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Maple returns the solution as a list containing the final minimum (or maximum) value and a point (the extremum).  If the output = solutionmodule option is provided, then a module is returned.  See the Optimization/Solution help page for more information.

  

If the quadratic program is convex , a global  minimum is returned. Otherwise, the solution may be a local  minimum.

Options

  

The opts argument can contain one or more of the following options. These options are described in more detail in the Optimization/Options help page.

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assume = nonnegative -- Assume all variables are non-negative.

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feasibilitytolerance = realcons(positive) -- Set the maximum absolute allowable constraint violation.

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infinitebound = realcons(positive) -- Set any value of a variable greater than the infinitebound value to be equivalent to infinity during the computation.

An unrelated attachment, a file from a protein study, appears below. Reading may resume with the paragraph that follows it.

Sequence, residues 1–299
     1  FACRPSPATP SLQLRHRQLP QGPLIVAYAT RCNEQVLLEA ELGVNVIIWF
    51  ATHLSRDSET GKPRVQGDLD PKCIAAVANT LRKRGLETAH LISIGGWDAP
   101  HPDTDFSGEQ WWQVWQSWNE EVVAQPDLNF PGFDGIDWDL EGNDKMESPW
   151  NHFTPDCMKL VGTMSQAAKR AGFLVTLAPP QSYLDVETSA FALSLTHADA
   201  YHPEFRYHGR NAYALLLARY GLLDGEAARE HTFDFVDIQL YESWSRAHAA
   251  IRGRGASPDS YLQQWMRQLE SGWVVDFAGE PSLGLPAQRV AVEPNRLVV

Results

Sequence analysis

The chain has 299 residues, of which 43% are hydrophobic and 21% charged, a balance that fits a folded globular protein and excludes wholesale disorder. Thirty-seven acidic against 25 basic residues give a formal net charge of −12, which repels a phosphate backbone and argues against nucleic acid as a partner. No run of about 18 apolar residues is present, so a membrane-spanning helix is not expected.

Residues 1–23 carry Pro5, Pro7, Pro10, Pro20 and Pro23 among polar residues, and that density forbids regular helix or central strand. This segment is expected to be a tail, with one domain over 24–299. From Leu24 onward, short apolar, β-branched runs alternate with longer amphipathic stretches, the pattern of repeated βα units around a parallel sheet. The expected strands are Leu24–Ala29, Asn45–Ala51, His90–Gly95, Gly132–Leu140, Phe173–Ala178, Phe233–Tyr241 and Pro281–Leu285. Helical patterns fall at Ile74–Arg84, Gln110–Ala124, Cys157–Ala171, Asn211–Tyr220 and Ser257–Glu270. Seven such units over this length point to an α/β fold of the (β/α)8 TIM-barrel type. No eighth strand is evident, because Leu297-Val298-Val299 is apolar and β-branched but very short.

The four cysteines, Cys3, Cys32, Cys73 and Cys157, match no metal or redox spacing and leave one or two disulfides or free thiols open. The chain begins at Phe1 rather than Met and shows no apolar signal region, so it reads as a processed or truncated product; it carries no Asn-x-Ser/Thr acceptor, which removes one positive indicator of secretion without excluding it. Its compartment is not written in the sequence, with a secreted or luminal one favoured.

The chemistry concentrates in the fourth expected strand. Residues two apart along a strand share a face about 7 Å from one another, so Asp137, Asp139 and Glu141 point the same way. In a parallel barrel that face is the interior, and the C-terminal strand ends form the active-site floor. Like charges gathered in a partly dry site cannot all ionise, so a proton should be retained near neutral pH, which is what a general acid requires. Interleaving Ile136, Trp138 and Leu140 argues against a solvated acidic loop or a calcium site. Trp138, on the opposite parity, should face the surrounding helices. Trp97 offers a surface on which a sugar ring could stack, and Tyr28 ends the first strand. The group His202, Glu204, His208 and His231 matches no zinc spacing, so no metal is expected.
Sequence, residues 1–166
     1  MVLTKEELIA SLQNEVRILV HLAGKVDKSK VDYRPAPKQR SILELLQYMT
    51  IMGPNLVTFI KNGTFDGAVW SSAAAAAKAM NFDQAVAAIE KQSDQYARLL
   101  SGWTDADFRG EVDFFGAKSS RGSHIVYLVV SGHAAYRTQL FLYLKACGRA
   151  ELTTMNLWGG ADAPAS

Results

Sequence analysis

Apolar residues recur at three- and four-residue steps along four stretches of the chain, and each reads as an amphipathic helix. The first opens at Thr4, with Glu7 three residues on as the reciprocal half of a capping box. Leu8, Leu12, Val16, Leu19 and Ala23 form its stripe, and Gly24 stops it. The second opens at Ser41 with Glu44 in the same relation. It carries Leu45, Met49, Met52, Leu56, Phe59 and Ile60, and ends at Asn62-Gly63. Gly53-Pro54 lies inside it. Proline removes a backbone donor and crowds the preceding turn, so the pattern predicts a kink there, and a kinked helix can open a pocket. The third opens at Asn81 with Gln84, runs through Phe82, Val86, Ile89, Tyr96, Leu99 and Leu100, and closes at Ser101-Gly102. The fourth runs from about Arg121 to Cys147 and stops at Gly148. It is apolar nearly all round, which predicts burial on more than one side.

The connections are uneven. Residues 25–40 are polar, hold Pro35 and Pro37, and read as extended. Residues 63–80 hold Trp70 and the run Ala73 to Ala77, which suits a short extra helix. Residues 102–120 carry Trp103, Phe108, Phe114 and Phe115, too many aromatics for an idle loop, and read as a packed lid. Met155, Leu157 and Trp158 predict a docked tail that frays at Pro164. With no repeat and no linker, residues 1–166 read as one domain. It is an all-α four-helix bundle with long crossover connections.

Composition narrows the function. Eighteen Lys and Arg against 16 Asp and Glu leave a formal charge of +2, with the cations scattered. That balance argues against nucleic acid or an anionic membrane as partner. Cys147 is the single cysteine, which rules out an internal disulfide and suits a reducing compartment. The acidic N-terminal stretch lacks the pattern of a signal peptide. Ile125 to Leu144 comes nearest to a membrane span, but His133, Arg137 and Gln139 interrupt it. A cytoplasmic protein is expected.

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initialpoint = set(equation) or list(equation) -- Use the provided initial point, which is a set or list of equations varname&equals;value.

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iterationlimit = posint -- Set the maximum number of iterations performed by the active-set algorithm.

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maximize or maximize = truefalse -- Maximize the objective function when equal to true and minimize when equal to false.  The option 'maximize' is equivalent to maximize = true. The default is maximize = false.

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output = solutionmodule -- Return a module as described in the Optimization/Solution help page.

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variables = list(name) or set(name) -- Specify the problem variables.

Notes